Even female referees aren’t immune. When French referee Stéphanie Frappart was appointed as the official for the UEFA [men’s] Super Cup, UEFA’s chief refereeing officer Roberto Rosetti said, “I hope she will inspire thousands of female referees.” Frappart broke new ground as the first woman to officiate a major men’s final, but of course, as well as having to keep her calm and make sure to get every decision right over 90 minutes, the 35-year-old had to inspire too.

Cast your mind back and ask yourself when was the last time you remember a male referee being tasked with being an inspiration. Even Pierluigi Collina got away without having to be one to inspire thousands. So why does Frappart have to inspire her entire gender - why can she not just do her job?

The arrogant and the politically correct

Personal opinion here: Zlatan Ibrahimović is an insufferable individual. His arrogance is revolting, and yet his levels of self-conceit endear him to many around the men’s football community, which is why he was held up as the men’s example to counterbalance Megan Rapinoe last summer. Rapinoe got labeled with the arrogant moniker for her swagger and pride from winning World Cup knockouts, despite the backlash she was receiving from certain audiences in the USA. It’s easy enough to search for her name on Twitter and find a slew of misogynistic and homophobic rabble. Rapinoe broke the cardinal rule of her sex and opened her mouth. Yet where she spoke in support of political and social progress, Zlatan spoke about Zlatan, making the comparison of the two somewhat lacking. If Rapinoe cannot be proud and outspoken as an international champion, can women ever be?

The Americans were unapologetic World Cup winners. They had no reason to be; as back-to-back world champions, they had earned the right to celebrate. And celebrate they did, all 23 players gently marinating their livers in whatever beer and liquor they could find - and it was refreshingly empowering to witness. But the lines were clearly drawn. Many were in the “You get it, queens!” camp but those who weren’t were fiercely of the belief that the USWNT were acting disgracefully.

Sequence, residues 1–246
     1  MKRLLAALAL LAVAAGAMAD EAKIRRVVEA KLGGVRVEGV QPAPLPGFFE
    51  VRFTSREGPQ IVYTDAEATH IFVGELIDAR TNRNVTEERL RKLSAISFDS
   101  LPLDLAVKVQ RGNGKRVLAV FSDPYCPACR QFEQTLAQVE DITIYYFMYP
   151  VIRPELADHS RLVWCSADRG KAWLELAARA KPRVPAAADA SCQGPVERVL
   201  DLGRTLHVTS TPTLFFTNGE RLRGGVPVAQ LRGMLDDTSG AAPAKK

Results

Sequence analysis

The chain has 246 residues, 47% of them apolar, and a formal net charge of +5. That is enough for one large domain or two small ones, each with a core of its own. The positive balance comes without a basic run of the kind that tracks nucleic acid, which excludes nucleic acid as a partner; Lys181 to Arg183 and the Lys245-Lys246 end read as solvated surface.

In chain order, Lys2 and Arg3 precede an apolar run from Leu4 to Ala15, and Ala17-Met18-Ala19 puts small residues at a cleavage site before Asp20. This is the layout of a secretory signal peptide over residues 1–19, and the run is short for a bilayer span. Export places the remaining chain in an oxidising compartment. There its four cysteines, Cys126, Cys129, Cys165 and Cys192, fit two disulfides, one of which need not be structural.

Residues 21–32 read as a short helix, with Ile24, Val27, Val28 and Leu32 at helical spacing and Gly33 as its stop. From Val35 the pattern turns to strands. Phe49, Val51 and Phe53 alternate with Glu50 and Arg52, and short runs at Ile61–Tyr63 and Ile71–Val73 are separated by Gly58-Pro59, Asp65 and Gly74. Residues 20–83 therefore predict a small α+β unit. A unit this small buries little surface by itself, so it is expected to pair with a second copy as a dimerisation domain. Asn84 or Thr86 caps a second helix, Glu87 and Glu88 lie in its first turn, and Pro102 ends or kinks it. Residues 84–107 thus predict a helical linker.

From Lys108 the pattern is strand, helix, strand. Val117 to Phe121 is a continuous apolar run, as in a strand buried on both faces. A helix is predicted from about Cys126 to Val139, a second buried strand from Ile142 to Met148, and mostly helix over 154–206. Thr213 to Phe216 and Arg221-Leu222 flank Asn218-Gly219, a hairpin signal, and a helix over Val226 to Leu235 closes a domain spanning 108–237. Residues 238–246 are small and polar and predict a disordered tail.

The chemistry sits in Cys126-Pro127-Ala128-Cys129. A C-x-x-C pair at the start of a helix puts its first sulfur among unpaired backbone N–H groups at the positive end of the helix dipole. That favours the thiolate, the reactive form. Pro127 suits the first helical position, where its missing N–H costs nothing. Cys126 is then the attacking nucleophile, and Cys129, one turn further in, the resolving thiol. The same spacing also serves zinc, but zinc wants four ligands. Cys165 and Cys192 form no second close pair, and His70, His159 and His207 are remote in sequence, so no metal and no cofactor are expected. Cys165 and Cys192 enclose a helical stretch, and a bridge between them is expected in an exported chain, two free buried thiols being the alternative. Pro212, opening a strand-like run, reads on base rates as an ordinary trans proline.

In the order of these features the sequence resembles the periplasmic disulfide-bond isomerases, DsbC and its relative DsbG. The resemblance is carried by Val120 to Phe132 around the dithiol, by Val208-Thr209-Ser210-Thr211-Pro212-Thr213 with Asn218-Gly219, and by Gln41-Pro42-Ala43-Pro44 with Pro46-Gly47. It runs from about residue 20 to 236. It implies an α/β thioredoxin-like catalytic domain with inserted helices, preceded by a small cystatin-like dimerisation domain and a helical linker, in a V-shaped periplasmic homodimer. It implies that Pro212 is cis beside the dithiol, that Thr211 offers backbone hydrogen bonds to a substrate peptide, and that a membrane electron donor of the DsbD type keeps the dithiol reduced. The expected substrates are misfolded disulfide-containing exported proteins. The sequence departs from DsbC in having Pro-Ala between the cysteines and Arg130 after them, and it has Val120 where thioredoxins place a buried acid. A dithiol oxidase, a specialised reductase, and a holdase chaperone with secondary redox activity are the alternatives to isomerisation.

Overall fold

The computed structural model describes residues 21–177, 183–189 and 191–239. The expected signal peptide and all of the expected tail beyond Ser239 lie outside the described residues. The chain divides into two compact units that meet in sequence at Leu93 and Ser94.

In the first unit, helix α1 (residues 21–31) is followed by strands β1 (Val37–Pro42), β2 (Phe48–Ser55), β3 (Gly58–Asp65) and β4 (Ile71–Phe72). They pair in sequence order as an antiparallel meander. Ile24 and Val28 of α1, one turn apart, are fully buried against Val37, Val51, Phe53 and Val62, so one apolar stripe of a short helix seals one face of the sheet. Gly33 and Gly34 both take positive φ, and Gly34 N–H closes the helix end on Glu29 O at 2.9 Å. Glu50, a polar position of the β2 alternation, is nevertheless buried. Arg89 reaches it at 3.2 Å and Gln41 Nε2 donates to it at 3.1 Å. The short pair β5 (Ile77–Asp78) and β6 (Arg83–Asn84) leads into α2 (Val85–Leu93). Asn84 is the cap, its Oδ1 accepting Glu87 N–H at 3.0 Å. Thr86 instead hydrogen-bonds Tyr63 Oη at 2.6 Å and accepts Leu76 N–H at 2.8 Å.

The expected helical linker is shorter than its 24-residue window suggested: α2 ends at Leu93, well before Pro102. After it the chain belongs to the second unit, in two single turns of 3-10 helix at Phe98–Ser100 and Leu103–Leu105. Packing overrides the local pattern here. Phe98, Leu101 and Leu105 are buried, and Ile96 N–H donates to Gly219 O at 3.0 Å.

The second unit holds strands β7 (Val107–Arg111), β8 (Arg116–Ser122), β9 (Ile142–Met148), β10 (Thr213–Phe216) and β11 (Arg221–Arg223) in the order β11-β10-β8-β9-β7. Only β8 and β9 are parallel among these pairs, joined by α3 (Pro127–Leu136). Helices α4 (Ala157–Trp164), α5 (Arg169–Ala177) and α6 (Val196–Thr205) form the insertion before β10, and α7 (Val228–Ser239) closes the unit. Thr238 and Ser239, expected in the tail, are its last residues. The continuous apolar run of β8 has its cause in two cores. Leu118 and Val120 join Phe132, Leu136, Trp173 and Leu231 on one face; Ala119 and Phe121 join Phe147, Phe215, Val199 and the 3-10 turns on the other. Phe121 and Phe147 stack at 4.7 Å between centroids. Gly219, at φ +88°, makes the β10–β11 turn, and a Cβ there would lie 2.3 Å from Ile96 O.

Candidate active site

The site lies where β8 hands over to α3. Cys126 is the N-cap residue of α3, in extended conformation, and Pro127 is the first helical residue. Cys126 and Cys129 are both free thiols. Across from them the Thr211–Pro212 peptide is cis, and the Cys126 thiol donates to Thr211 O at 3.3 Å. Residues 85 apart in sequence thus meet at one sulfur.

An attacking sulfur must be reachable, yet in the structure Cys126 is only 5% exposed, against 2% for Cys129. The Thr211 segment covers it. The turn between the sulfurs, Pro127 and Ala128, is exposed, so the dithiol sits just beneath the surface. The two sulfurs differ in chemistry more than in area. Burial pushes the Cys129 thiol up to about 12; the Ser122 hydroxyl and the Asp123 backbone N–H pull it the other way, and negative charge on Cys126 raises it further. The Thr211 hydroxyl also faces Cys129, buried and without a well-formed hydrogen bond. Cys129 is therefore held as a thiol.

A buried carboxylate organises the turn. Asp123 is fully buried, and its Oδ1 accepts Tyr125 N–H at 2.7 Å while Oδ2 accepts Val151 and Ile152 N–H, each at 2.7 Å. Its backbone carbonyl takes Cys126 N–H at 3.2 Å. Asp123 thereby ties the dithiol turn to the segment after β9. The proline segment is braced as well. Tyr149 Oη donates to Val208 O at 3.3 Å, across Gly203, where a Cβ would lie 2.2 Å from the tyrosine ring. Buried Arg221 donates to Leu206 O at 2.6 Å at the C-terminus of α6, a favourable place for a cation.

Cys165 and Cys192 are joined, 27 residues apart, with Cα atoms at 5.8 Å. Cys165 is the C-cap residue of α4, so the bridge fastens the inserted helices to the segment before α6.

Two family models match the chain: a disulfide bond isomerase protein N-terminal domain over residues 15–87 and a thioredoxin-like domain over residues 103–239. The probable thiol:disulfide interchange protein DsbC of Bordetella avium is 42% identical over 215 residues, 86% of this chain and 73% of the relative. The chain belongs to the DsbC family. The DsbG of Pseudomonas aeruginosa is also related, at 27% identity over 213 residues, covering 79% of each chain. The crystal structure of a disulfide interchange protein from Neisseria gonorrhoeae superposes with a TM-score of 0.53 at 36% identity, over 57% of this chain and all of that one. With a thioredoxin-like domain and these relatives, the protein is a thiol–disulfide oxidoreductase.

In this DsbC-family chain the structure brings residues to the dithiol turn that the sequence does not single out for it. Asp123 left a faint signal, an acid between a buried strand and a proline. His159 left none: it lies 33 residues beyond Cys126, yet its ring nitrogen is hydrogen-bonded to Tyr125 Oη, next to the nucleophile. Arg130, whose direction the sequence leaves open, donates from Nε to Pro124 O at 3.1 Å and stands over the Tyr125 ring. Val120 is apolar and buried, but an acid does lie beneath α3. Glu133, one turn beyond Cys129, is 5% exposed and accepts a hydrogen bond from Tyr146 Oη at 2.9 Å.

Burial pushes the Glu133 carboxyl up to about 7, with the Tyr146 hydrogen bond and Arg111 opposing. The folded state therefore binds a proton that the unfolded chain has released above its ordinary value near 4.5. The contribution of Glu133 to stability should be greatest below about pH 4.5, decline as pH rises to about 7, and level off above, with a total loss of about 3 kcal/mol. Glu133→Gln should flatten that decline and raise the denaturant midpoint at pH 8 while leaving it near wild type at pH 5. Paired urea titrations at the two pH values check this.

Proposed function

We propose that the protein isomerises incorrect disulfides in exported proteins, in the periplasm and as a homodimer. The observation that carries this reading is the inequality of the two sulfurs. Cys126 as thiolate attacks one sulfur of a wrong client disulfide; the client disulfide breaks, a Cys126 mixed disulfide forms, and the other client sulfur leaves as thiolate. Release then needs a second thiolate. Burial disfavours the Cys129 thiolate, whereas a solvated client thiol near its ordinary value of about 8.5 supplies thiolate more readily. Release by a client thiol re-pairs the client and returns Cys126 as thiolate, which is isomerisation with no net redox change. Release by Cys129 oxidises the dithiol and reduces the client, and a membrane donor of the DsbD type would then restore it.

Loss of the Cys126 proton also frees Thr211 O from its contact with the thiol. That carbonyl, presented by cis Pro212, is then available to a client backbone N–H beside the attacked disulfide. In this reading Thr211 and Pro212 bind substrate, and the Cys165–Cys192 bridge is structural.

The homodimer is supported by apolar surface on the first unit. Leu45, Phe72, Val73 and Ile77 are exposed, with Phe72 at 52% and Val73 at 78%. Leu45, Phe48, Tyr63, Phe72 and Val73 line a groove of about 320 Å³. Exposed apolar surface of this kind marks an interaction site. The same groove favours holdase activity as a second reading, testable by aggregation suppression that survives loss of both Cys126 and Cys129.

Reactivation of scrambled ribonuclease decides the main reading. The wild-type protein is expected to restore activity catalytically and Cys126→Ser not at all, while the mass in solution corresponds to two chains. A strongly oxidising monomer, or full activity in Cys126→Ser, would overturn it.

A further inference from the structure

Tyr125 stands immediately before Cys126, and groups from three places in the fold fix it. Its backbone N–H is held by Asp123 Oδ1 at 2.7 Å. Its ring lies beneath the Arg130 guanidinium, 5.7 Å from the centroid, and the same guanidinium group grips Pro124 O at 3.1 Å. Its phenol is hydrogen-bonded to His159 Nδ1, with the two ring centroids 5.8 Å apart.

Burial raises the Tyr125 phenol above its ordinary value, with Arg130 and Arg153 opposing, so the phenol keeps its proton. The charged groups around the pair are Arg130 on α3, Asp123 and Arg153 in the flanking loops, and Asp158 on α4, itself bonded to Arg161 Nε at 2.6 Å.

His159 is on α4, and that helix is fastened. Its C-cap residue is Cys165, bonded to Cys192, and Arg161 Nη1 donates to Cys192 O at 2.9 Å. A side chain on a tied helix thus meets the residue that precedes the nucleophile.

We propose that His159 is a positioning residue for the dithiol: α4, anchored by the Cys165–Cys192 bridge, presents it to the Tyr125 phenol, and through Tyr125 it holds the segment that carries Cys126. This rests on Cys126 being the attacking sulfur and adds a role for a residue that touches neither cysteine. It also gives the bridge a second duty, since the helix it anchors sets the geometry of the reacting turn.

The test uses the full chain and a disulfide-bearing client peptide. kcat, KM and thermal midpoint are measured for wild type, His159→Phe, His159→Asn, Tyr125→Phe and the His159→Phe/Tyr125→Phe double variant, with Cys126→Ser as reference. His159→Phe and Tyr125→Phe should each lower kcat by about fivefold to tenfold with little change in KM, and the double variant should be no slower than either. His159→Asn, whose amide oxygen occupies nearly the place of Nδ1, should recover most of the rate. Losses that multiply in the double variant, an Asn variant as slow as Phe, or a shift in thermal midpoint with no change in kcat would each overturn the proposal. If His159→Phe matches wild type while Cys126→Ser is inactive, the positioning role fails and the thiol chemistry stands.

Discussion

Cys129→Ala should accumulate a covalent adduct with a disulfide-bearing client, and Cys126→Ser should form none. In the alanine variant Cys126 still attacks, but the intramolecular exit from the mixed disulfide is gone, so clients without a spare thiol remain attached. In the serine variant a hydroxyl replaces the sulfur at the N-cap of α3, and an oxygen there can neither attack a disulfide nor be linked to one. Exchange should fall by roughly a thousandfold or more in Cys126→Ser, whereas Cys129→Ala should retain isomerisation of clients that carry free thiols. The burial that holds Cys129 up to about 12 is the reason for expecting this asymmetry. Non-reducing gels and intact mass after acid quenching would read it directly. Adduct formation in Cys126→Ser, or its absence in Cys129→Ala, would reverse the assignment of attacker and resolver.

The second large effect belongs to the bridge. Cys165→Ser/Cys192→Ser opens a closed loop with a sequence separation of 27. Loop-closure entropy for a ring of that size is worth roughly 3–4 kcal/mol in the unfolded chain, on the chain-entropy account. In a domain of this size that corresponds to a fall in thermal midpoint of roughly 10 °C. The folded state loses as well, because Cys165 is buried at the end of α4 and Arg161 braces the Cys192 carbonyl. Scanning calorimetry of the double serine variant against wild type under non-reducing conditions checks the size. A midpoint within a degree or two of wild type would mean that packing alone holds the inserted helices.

The world doesn’t like women to be loud and proud - especially not if they’re asking for equal pay. But just going back to something as simple as a woman showing up and doing her job, let’s take Eni Aluko at the 2018 World Cup and the bizarre way that Patrice Evra applauded her. Aluko had done her homework, showed up to her job and...well, that was evidently far more than Evra had even contemplated, his patronising clapping an enduring memory from a long summer.

Just like Aluko, Alex Scott had a prominent role on British television over the men’s World Cup last summer as part of her transition into punditry. Scott is knowledgeable, confident and one of the most decorated female footballers England’s ever had but she knows she’s under the microscope. Whereas male pundits can phone it in (and unfortunately, so many do), Scott has to have everything on point, not just as a woman but a woman of colour. She has to do her job and then some because she’s a trailblazer. One dreads to think of the state of her Twitter mentions. The torrent of social media hate mail is something Australian host Lucy Zelić knows well too; the Australian host was almost pushed to breaking point a few years ago. Although, for her role during the 2018 World Cup, at least Scott wasn’t sexually assaulted live on air.

For women’s football, and women in football, visibility is key - as it is for any minority in the public eye. All it takes for young girls to realise they can be footballer is seeing women play football. Female footballers don’t have to be perfect, they don’t have to be role models with the weight of the expectation of the world on them, they just have to be seen. And in a world where women are forced to walk the tightrope, struggling for column space and visibility, but mindful of the abuse that could be thrown through their windows at any given moment, it’s not right to put extra pressure on them. After a decade of rapid change that has seen not just the sport’s biggest tournament but domestic leagues inflate to new heights, we can hope for this to change in the new decade as well.